How to Make a Great First Impression
“We sometimes try to impress people we just met by not trying to impress them.”
― Mokokoma Mokhonoana
As we all know, first impressions are really, really important. Whether for a job interview, working with clients or customers or personal and social relationships, a good first impression can carry us for miles. First impressions can even cover any faux-pas we may make down the road since we have already stamped a positive image of who we are in the other person’s mind. They have been chemically wired to see us in a positive light. It might seem weird to think of initial impressions as having anything to do with chemistry, but the fact is we are organic and emotional creatures, Our actions, our words, and our body language all stimulate emotional (and chemical) responses in the other person. Our moods affect our hormones and our hormones affect our moods.
In their book entitled First impressions: What You don’t Know About How Others See You Dr. Anne Damarais and Dr. Valerie White illustrate, by way of a quadrant, that where we place our focus can impact the impression we leave others with. The quadrant can be described this way:
The top left-hand quadrant is labeled: How I feel about me
The top right-hand quadrant is labeled: How you feel about me
The bottom left-hand quadrant is labeled: How I feel about you
The bottom right-hand quadrant is labeled: How you feel about you.
Even without the visual mini-matrix, we can clearly see that each quadrant has a different focus. The two on the top focus inwardly and the two on the bottom focus outwardly.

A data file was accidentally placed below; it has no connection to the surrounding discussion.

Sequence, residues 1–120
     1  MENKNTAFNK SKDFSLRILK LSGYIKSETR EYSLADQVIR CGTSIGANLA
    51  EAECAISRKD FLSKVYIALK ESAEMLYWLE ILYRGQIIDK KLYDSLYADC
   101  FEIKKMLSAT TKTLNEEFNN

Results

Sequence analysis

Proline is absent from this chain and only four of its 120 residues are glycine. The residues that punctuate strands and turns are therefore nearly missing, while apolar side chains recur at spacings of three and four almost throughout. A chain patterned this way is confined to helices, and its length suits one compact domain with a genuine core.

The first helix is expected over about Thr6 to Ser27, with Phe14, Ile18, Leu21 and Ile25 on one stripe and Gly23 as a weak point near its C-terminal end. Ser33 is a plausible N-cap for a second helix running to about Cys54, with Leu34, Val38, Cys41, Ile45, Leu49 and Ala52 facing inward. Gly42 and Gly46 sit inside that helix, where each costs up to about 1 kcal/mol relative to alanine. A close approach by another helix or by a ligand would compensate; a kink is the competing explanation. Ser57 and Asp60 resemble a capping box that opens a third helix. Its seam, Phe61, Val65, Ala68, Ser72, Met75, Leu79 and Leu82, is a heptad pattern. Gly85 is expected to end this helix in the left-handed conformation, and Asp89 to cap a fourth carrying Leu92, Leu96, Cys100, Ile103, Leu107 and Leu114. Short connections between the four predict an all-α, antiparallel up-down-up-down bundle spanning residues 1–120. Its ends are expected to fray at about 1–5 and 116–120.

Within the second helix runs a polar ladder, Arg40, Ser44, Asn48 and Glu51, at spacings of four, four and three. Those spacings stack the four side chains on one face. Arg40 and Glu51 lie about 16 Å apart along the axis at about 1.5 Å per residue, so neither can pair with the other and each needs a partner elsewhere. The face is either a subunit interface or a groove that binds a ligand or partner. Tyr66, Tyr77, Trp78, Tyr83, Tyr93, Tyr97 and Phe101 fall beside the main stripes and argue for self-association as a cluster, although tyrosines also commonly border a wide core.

You only get one chance to make a good first impression, and yours may be in the hands of the receptionist. – Harvey Mackay
The First Quadrant
The book First Impressions shows that focusing on the top two quadrants, that is to say, focusing on ourselves, will always create a negative impression in other people”s minds. In the first case, we are more or less self-conscious or anxious. We are too tied up in ourselves to be able to focus on anything else. In a job interview, for example, this person might be wondering if he is prepared enough or has the right skills. He may be focused on his words and whether or not he is dressed right.
The Second Quadrant
In the second case, we are worried about what others think of us and we do or say things in order to please. We are definitely not being our genuine selves. We might come across as “too” nice or overly enthusiastic, and unnaturally so. In fact, our overcompensation for our insecurity can come across to the other person as phony and we definitely do not want to leave people with that impression.
In both cases, our insecurity will be noticed. Our verbiage, our actions, and our body language will all betray us. So focusing on ourselves whether our self-consciousness or to try to make a good impression will do just the opposite.
The Third Quadrant
The third category is an outward focus, but also a rather critical focus. This approach looks at the other person and analyzes them. Do they measure up? What kind of person are they? Can I trust them? Do they seem open or genuine? When our focus is on how we feel about the other person, we are trying to make some kind of judgment about who they are. Once again, others can sense this and will be turned off because no one wants to feel judged.